It is noteworthy that we observed a shift in bacterioplankton biodiversity alongside a shift in functional gene repertoires for the major clades in all four years of this study. The abundance of CAZymes and sulfatases increased from pre- to mid-bloom situations and leveled off post-bloom. Likewise, similar abundance patterns were observed for the most abundant CAZyme families in all studied years.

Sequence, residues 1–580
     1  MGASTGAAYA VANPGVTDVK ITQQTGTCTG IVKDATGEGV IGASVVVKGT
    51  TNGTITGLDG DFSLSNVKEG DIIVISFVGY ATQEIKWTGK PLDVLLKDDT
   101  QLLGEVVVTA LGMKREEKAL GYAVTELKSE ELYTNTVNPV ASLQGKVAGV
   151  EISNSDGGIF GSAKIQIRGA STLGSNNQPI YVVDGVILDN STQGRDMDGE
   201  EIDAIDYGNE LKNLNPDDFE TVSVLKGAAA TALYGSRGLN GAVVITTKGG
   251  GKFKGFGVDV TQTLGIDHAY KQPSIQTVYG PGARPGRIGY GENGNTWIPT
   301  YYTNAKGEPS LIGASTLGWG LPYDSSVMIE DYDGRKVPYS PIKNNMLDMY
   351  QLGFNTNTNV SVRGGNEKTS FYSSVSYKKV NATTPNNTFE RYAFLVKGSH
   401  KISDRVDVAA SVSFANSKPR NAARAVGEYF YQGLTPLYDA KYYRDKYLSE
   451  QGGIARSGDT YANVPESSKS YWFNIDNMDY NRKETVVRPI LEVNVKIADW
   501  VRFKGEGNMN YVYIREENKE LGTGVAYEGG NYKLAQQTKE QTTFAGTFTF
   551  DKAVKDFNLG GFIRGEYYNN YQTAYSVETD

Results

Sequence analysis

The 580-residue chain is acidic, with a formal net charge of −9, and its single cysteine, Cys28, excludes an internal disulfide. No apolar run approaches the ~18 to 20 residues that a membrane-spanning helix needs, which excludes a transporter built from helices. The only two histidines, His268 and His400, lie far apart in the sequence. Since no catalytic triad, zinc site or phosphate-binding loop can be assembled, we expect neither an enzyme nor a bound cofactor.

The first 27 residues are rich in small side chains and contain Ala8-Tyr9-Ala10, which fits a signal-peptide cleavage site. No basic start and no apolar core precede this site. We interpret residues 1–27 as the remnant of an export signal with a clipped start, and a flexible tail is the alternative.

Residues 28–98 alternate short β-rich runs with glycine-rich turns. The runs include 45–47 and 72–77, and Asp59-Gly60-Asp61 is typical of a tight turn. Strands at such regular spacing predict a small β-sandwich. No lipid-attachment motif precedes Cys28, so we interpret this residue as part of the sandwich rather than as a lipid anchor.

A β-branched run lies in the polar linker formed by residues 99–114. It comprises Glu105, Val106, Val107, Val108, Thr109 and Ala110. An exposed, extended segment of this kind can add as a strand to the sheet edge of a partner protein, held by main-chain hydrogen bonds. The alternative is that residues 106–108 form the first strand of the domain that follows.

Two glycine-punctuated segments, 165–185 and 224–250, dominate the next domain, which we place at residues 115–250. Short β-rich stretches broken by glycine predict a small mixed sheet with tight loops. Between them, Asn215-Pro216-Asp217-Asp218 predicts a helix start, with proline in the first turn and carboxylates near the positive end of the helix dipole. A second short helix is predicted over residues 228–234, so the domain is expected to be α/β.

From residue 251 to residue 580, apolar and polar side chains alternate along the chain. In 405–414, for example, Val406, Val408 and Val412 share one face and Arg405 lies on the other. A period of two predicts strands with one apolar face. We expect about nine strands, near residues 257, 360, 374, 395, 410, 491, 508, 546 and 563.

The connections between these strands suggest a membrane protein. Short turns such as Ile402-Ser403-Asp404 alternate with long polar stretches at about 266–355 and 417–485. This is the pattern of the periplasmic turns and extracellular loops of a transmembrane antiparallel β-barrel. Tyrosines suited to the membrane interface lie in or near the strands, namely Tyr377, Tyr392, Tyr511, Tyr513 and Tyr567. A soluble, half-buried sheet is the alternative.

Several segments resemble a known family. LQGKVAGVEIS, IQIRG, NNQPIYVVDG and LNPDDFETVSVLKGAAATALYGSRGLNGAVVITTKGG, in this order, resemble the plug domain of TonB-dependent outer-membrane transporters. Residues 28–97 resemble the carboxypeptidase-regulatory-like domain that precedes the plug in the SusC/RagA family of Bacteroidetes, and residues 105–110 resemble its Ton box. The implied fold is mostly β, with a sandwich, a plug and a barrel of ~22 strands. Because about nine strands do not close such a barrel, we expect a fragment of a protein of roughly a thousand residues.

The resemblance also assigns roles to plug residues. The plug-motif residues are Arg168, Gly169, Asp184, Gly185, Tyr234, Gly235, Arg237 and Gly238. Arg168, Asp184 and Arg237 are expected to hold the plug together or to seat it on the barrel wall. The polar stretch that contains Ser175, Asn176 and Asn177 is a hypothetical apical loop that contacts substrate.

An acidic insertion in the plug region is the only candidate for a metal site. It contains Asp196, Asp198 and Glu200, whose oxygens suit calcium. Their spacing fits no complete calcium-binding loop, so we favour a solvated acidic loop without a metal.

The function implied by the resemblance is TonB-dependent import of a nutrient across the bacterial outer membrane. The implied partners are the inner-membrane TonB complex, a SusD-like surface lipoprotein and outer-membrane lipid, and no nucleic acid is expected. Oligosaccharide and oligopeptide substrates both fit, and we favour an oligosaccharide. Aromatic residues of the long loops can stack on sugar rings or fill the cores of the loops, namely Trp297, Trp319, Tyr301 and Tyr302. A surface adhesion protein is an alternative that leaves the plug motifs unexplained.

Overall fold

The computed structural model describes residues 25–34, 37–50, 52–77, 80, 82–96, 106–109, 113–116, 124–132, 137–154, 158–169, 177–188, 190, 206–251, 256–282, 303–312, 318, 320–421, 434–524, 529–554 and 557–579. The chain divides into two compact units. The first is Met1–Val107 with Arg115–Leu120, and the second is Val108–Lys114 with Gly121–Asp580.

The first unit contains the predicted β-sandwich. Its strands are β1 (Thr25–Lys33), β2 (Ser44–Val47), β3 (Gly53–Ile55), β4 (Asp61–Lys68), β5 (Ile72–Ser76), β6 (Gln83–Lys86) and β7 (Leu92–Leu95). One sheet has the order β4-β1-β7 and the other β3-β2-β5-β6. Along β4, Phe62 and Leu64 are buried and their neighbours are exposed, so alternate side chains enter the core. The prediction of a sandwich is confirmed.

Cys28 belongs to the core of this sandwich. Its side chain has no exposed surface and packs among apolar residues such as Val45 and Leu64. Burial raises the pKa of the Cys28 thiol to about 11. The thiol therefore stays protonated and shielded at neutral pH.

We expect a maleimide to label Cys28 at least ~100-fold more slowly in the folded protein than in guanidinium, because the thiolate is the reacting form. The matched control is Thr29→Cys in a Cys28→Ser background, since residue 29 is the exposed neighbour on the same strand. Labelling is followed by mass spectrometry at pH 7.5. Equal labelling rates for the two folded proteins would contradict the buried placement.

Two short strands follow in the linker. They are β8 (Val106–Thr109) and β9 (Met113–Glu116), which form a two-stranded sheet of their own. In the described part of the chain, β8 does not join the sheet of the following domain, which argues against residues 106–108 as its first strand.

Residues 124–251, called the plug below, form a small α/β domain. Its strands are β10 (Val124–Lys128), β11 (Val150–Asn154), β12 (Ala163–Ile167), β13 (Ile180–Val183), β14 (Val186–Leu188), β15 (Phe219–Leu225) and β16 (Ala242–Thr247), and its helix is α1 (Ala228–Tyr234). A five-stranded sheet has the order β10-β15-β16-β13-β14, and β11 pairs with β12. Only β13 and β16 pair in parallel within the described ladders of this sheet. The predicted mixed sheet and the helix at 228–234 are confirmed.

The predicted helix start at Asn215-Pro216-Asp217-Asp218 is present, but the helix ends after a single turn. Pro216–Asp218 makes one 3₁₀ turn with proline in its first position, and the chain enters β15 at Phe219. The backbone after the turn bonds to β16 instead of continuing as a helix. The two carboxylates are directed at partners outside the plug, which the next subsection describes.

We did observe an increase in the abundance of TBDRs during bloom situations, and we have shown previously that TBDRs are among the most abundantly expressed proteins during the bacterial mineralization of algae biomass (Teeling et al., 2012). The relevance of TBDRs in nutrient-rich oceanic regions has been also supported by in situ metaproteome studies of samples from the South Atlantic Ocean (in particular at coastal upwelling zones; [Morris et al., 2010]) and from the Antarctic Southern Ocean (Williams et al., 2013).